The US insurance industry is the only one that does not fall under antitrust laws. The activities of all US insurers are carefully analyzed by three rating agencies: A.M. Best, Moody S, Standart & Poor’s, which analyze the status of insurance companies and quarterly publish catalogs where they publish official ratings of insurance companies in terms of their reliability and data on their solvency status. Some companies, especially brokerage companies, have special units for analyzing the activities of other companies. At the same time, the main factors by which the analysis is performed are the financial situation, claims payments and the level of service, safety and loss prevention, flexibility in the company’s work, cost of services (minimum tariff rates). The level of losses, income and profit ratio on investments and the level of receivables are considered criteria for the effectiveness of the insurer.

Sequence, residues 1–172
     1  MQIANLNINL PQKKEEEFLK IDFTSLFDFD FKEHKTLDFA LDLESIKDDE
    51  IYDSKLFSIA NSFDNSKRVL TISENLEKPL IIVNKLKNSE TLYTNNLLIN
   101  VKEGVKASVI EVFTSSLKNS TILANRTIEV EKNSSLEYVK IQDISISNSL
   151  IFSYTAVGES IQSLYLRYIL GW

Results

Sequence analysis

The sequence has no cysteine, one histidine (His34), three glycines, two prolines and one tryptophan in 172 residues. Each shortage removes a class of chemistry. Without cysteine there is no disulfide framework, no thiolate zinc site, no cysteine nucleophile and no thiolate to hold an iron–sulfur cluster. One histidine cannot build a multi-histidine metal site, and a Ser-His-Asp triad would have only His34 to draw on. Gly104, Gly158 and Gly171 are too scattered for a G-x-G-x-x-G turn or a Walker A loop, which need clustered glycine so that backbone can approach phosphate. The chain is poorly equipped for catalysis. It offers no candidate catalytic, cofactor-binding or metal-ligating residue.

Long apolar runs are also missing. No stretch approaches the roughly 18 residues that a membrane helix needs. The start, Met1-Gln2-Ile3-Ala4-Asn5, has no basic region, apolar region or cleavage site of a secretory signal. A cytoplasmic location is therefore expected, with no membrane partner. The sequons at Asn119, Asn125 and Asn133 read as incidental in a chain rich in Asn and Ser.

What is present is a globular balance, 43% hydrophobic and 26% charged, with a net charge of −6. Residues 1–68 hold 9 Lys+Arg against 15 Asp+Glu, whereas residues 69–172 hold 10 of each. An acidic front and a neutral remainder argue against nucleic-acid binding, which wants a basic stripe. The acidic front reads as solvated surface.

In the USA, there is an electronic database of all insurance companies, which makes it possible to distribute companies by risk, premium size, etc.
One of the most important features of the largest US life insurance companies is the fact that, due to the high authority of insurance companies, multibillion-dollar funds belonging to various pension funds are transferred to their management. The task of insurance companies in this case is to ensure the safety and growth of trusted funds through a reasonable investment policy. Insurance companies charge a fee for managing these funds. And even moderate sizes (0.1%) of the amounts taken into management bring millions of income.